"Error-Correcting Codes: The Mathematics of Communication"
featuring Nathan Kaplan
Wednesday, July 13 at 4:00 pm ET (New York)
Suppose we are trying to communicate over a "noisy channel." There is some probability that the information I send is not the information you receive. We could communicate more reliably by agreeing to repeat the intended message multiple times, but there is a cost to this repetition. A major goal in the theory of error-correcting codes is to understand how to efficiently build redundancy into messages so that we can identify and correct errors. Join mathematician Nathan Kaplan as he introduces us to the ideas that go into the mathematics of communication and shares several neat examples of problems we can solve using ideas from coding theory, including "Hat Problems," "Twenty Questions with Lies," and strategies for gambling on soccer matches in Finland.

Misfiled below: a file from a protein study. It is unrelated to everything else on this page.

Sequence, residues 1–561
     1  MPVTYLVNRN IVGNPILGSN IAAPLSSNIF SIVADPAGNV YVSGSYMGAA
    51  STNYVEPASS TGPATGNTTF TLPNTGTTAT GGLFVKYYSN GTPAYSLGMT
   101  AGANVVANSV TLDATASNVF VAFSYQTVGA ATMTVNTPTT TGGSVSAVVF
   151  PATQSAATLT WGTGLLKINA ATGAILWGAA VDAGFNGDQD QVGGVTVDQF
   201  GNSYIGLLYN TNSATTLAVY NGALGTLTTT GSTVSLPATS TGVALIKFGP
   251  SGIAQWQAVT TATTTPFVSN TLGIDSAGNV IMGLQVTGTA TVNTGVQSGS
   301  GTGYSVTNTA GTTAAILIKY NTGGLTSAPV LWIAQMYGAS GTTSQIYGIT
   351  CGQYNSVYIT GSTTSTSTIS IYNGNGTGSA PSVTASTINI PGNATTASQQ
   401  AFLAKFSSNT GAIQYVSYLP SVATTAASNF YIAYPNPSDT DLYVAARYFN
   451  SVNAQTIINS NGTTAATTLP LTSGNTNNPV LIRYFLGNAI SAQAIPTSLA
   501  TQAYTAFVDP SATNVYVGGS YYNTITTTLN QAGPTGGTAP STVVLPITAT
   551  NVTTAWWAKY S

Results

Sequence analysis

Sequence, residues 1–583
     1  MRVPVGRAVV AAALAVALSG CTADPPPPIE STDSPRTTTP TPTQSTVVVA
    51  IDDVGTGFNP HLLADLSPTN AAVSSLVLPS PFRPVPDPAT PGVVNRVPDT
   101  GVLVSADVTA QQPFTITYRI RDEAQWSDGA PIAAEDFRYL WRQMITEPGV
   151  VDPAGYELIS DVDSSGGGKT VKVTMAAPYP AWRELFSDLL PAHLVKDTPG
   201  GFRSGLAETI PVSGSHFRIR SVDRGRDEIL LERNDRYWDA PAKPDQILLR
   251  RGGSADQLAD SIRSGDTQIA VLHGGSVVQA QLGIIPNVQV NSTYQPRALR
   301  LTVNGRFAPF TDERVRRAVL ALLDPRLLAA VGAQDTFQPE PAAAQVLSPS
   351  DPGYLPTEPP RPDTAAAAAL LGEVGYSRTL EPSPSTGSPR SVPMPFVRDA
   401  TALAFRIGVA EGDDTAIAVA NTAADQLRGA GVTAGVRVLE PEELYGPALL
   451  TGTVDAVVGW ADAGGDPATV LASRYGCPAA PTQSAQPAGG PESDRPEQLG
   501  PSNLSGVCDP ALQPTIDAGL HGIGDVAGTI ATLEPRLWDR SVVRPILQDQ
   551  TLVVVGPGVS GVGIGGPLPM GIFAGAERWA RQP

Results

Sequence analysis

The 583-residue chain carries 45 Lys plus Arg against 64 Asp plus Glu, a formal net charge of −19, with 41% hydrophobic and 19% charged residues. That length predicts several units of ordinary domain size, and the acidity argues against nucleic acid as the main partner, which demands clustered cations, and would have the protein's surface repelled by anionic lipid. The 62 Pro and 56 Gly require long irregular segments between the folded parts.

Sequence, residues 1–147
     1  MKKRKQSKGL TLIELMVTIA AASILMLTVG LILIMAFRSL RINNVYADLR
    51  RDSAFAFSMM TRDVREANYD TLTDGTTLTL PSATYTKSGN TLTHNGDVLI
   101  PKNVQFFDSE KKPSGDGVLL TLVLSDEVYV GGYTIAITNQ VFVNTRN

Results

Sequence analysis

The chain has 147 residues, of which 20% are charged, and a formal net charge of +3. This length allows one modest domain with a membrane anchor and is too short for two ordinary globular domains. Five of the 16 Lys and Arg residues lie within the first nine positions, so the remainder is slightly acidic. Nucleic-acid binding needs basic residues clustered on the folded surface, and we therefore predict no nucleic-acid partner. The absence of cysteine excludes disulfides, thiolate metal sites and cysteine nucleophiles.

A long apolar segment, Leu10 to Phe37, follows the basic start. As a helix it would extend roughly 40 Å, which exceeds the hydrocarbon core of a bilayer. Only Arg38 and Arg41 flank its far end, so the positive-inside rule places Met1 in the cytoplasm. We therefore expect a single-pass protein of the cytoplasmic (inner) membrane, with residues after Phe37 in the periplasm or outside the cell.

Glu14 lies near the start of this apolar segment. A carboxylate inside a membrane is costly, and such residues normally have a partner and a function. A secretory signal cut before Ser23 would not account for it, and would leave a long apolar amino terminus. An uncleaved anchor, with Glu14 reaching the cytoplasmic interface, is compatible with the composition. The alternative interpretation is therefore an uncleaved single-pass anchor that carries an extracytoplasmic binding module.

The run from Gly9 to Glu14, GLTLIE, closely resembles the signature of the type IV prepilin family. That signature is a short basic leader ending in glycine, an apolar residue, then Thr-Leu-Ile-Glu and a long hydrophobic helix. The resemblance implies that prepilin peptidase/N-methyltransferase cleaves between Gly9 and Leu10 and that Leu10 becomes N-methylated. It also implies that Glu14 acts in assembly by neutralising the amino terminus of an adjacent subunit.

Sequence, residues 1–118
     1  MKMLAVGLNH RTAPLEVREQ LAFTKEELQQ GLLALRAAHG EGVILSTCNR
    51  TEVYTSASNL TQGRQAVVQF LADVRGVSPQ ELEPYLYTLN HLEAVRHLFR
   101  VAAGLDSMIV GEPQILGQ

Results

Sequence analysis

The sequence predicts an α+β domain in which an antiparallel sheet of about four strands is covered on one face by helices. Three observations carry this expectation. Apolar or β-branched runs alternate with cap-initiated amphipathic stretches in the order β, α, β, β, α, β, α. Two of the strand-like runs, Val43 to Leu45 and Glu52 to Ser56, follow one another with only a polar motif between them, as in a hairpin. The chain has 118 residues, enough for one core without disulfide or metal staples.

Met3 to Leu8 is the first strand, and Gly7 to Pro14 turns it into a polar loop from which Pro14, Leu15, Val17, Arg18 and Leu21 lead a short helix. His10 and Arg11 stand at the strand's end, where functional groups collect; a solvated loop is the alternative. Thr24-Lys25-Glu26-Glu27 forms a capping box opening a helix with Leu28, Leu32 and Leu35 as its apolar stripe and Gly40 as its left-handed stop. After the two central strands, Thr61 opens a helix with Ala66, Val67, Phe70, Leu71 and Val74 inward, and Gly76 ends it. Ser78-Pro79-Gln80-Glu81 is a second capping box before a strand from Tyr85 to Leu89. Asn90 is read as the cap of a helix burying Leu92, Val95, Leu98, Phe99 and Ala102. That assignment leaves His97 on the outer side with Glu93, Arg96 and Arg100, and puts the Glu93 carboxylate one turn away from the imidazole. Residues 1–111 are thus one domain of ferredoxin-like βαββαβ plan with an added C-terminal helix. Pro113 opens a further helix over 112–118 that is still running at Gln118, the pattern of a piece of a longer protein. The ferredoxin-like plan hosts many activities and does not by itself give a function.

Special introduction by Tony Fisher, Principal, Hunter College High School.
This is a live-streamed broadcast of an in-person event. Occasional video recordings are made available for a fee at videos.momath.org.
This page is for the 4:00 pm ET (New York) live-streamed session. Click here to register for an in-person session or for the 7:00 pm ET (New York) session instead.